The Suspended Castle: A Philemon Adventure by Fred. Better known as one of the founders of Charlie Hebdo, the late cartoonist's Fred's adventures starring a boy named Philemon are somewhere between Lewis Carroll and Winsor McCay in terms of their sheer weirdness with ironclad internal logic. In this book, Philemon tries to help his eccentric friend Mr. Bartholomew get back to the island he initially escaped from: an island in the shape of the letter A, which can be seen in any map as one of the "A's" in "Atlantic Ocean". This is Fred's great trick: he takes the figurative and makes it literal, but only in the most absurd and extreme ways. However, once he does this, the rules of that particular world are serious, immutable and logically consistent (precisely like Carroll). From landing on an island in the shape of an "i" (including a separate dot!) to an encounter with an owl lighthouse and walking on its beam of light, literal logic is taken to its most hilarious and nightmarish (but still funny) extremes, with the protagonists barely escaping and going home.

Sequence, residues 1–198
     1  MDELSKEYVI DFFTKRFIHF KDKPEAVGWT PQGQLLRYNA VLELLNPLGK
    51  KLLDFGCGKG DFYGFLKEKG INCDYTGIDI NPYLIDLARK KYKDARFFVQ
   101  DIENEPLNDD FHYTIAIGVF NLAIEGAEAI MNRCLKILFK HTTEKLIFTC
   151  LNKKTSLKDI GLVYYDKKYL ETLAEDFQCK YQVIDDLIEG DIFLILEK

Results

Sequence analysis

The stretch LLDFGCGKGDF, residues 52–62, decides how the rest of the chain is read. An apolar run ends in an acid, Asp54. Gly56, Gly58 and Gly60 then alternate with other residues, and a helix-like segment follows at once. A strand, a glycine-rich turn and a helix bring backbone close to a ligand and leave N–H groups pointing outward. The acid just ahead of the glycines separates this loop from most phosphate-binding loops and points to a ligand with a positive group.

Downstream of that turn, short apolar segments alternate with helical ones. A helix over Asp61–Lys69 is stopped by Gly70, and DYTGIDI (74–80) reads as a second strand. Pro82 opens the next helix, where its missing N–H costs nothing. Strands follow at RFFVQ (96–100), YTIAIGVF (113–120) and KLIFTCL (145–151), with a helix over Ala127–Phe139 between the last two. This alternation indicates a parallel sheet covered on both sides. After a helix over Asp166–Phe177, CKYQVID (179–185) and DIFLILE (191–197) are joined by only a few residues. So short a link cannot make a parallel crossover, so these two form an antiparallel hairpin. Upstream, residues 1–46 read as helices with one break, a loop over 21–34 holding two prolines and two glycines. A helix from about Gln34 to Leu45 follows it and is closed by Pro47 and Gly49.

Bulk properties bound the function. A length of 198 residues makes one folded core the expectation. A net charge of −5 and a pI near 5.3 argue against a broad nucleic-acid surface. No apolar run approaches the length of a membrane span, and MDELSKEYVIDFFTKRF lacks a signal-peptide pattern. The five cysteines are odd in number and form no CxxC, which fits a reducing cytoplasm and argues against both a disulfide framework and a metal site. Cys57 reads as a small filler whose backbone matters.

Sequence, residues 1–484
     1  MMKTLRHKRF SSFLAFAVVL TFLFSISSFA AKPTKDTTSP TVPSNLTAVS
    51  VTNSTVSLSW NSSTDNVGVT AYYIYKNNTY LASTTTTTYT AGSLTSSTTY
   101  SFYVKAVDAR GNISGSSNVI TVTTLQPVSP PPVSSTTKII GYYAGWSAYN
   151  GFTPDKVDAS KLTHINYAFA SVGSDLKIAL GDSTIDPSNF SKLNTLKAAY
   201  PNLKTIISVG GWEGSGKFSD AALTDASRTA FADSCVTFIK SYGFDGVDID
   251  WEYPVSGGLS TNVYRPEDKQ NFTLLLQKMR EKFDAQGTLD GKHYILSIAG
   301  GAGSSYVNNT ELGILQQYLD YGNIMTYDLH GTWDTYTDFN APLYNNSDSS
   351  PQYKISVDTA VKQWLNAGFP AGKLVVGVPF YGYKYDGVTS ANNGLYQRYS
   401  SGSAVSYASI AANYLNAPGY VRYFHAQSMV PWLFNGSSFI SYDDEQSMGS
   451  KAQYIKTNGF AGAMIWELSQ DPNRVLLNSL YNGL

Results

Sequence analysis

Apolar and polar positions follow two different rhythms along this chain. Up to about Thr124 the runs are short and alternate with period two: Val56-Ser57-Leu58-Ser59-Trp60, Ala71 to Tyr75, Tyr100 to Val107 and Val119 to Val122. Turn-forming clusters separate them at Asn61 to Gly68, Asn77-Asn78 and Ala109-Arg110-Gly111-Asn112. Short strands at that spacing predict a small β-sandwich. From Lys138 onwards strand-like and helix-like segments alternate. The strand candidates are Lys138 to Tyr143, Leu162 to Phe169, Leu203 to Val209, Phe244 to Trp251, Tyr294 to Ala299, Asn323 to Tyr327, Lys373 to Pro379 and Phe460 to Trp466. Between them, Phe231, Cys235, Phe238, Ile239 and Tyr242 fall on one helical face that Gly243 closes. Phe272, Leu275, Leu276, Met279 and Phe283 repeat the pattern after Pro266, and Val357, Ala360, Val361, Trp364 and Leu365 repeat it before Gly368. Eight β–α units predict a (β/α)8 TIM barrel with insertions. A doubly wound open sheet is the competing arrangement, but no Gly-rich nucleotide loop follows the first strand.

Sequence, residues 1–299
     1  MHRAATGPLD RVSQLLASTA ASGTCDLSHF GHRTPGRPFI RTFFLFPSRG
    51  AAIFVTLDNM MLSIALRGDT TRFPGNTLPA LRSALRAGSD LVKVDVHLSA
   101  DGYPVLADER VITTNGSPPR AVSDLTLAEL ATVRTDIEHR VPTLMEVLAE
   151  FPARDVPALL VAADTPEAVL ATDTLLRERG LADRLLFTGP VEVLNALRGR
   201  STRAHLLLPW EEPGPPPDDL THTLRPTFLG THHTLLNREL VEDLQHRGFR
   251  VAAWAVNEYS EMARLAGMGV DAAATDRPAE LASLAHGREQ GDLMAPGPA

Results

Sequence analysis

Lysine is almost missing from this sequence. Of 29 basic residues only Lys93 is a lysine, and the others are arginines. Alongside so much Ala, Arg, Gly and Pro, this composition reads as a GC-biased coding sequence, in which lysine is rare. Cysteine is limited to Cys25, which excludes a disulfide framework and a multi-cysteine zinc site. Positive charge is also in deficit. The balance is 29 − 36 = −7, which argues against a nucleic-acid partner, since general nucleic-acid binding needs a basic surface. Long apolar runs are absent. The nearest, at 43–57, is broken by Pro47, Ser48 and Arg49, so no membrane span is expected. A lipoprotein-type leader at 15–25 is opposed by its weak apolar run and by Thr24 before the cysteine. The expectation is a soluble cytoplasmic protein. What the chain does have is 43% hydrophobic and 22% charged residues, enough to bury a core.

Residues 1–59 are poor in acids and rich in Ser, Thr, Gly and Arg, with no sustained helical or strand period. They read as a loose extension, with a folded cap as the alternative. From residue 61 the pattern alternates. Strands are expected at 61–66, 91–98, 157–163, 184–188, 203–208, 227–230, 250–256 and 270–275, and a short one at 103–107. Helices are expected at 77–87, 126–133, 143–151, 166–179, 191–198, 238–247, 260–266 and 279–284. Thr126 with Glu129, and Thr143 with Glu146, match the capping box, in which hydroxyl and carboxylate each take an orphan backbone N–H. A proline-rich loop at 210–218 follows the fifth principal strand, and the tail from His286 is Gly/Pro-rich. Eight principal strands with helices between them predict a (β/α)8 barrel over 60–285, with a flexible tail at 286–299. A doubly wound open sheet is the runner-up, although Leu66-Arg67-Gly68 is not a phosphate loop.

That's especially true in the detailed look at two different societies: a whale-galley propelled by slave-rowers under a cruel captain's arbitrary edicts and a group of pelican-flying whale hunters who live in a castle suspended by a chain in the sky, Fred pokes fun at a number of cultural and societal follies. In particular, Fred satires the military (in the form of the whale galley) and religion (in the form of the pelican riders), especially in terms of how ingrained bureaucratic structures defy all reason. That's especially true in the way they adhere to dogma in the face of contrary evidence. Most importantly, Fred lampoons their inability to even comprehend viewpoints different from their own, much less accept them. When Philemon and Bartholomew wind up back home after literally going down the drain, it reminded me a bit of McCay's Little Nemo waking up in bed no matter what happened in Slumberland. This is a fully-formed, ambitious and fiendishly delightful series.